Why Attend?

Software Craftsmanship is at the heart of this course. Throughout this training series, your team will learn about the Software Craftsmanship mindset and how to apply it within your organisation.

Writing Clean Code is difficult. Cleaning existing code, even more so. Your team should attend if you need them to:

  • Write clean code that is easy to understand, maintain, and adapt
  • Become more proficient in Test-Driven Development (TDD): using tests to design and build
  • Through practical exercises, learn the difference between the two most important TDD styles: Chicago school (classicist) and London School (outside-in).
  • Learn how to define test boundaries and responsibilities.
  • How do we define a unit?
  • What is the difference between the test boundary and test responsibility?
  • What should we mock? What should not be mocked?
  • Learn how to write tests that express business behaviour, not technical implementation.
  • Learn how to test and refactor legacy code
  • How to deal with hard-wired dependencies
  • How to localise tests while avoiding a major refactor of the code
  • Refactor the code to express business rules

Clean code necessitates good design. Your team will learn how to:

  • Design code that expresses business requirements.
  • Understand design principles that lead to clean code
  • Pay attention to every minor detail at code level, like names, responsibilities of classes and methods, types,
  • Look closely at the key principles of design like coupling and cohesion and how they are applied at code level.
  • Avoid over-engineering and large rewrites by incrementally evolving the software design through testing

Software Craftsmanship is a mindset that focuses on professionalism and quality. Clean Code and Test-Driven Development are part of that mindset and are at the heart of this course. More than learning the techniques, the course also touches on the attitude expected from professional software developers.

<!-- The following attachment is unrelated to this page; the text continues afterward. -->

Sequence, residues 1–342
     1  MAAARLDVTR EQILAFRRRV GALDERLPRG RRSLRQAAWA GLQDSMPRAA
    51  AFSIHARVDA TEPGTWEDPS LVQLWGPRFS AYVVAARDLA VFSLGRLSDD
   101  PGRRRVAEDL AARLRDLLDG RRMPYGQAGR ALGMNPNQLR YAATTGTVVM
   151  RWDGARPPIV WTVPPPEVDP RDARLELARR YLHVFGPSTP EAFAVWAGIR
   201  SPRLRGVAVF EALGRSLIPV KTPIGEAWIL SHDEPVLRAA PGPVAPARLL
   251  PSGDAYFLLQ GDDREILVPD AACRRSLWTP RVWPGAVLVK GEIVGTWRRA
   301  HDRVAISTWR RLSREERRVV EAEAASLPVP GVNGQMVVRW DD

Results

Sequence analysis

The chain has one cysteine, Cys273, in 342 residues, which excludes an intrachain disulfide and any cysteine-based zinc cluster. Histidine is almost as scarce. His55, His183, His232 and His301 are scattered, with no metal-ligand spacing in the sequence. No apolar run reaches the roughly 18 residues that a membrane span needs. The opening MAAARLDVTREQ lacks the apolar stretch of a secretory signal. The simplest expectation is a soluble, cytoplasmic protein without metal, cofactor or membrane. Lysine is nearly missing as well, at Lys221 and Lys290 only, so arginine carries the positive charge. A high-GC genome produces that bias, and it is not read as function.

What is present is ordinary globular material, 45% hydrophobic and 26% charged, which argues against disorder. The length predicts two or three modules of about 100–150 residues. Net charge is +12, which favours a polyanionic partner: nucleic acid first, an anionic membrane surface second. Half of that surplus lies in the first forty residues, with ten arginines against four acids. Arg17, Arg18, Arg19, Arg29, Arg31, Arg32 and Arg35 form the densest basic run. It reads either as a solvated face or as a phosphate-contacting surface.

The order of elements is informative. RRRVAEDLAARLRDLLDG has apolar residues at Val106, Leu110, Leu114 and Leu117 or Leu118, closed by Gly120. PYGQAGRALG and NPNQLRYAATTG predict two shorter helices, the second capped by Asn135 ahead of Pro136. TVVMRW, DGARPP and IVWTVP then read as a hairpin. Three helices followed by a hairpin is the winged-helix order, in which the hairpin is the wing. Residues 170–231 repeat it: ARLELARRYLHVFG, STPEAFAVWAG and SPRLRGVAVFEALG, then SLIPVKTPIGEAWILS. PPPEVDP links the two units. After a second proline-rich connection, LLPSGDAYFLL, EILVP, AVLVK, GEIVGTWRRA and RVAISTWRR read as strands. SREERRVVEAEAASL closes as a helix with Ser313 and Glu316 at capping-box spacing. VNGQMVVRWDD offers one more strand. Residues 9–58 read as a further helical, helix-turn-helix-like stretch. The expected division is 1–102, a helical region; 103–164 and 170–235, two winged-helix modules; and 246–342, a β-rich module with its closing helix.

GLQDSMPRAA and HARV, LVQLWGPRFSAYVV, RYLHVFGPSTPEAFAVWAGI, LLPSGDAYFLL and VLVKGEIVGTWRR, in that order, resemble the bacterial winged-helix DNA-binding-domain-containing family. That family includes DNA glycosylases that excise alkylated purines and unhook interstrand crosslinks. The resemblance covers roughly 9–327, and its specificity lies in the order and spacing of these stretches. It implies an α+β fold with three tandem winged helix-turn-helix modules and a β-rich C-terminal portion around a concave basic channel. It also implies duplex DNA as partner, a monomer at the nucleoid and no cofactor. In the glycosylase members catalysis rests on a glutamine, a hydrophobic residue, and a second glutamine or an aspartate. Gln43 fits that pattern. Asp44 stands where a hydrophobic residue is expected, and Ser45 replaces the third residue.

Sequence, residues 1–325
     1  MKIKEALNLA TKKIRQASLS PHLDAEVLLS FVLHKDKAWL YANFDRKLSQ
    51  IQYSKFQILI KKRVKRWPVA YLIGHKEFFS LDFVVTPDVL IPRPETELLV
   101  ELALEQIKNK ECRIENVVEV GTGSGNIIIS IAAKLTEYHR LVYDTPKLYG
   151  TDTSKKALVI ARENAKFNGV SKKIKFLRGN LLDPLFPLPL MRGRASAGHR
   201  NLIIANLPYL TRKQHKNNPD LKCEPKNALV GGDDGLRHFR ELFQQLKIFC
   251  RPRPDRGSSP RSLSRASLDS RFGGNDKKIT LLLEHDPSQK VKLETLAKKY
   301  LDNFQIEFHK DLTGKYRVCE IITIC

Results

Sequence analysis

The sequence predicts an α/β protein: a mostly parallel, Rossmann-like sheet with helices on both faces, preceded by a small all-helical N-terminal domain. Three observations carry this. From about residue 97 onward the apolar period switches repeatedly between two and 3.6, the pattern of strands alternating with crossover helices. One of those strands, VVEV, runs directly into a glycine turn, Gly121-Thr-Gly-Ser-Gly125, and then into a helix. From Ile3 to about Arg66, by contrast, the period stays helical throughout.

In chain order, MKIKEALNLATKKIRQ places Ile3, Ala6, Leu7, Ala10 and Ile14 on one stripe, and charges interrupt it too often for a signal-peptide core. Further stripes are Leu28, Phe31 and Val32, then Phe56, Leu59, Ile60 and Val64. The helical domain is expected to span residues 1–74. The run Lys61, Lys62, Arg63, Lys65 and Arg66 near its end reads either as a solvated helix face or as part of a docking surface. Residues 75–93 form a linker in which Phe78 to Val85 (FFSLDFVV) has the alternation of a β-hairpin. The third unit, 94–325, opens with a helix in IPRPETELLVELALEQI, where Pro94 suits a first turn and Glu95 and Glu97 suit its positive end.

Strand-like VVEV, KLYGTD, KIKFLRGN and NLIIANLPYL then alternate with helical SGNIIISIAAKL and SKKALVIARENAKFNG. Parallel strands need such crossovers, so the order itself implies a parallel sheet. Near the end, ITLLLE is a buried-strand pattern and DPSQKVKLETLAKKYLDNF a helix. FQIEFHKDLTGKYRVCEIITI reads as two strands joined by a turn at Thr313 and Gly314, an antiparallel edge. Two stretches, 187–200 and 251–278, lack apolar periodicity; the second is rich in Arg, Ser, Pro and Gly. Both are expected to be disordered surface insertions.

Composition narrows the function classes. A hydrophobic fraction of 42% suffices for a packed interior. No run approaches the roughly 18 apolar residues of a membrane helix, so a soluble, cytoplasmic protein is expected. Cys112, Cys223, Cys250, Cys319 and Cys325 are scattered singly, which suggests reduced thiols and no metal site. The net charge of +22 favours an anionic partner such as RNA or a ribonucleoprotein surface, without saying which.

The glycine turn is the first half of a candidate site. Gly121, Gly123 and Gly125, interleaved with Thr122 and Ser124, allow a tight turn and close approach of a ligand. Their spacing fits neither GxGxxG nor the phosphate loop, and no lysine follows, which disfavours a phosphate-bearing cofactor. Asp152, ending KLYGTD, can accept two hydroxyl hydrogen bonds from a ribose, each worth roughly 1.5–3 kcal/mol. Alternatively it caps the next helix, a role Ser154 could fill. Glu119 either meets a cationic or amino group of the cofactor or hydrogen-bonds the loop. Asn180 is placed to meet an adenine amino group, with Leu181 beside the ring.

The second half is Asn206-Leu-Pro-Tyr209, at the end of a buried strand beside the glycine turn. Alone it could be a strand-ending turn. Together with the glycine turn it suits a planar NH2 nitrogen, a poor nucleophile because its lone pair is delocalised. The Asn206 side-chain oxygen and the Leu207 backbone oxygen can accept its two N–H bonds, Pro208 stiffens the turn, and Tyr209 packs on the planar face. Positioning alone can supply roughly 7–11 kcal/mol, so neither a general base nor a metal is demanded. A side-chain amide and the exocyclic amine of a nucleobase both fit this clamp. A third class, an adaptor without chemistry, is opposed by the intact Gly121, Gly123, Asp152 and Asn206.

Audience

This course is designed for software development teams that are:

  • Fluent with at least one Object-Oriented language, such as Java, C#, or C++
  • Able to understand Java or C#
  • Able to write and execute unit tests using a framework, such as JUnit, NUnit, etc.
  • Have a basic understanding of mock objects

Note: this is not a course for people who are learning how to code. Developers with a few years in the industry will benefit more from this course then people with limited industry experience. Also, this is not a basic TDD training. This course is fully hands-on and fast-paced. Although the course can be attended and followed by developers without TDD experience, people with TDD experience will benefit more from it.

Course Content

Principles of:

  • Test-Driven Design (TDD)
  • Object-Oriented Design (OOO)
  • Domain-Driven Design (DDD)

Content:

  • Advanced introduction to TDD lifecycle
  • Chicago School (classicist) TDD
  • London School (Outside-In) TDD
  • Expressing business behaviour via tests, not implementation
  • Principles of Clean Code and good design
  • Using unit tests as a tool to drive good design
  • Mocking as a design tool
  • Expressive code that describes business rules
  • Testing and refactoring legacy code

Prerequisites

The is a hands on training course. Software development teams will be required to write a lot of code.

Required:

  • Bring their own laptop
  • Be able to create projects, build source code, and run test cases in their development environment
  • Have a development environment that consists of the following:
    • Object-Oriented language
    • A unit test framework
    • A mocking library
  • A distributed version-control system such as Github is preferable
COURSE INSTRUCTOR Sandro Mancuso

Software craftsman, author, Co-Founder of Codurance, and Founder of the London Software Craftsmanship Community (LSCC). Sandro has been coding since a very young age, but only started his professional career in 1996. He has worked for startups, software houses, product companies, international consultancy companies, and investment banks.

During his career Sandro has had the opportunity to work on a variety of projects, spanning different languages, technologies, and industries. Sandro has a lot of experience in bringing the Software Craftsmanship ideology and Extreme Programming practices to organisations of all sizes. Sandro is internationally renowned for his work on evolving and spreading Software Craftsmanship. His professional aspiration is to raise the bar of the software industry by helping developers become better at their craft.

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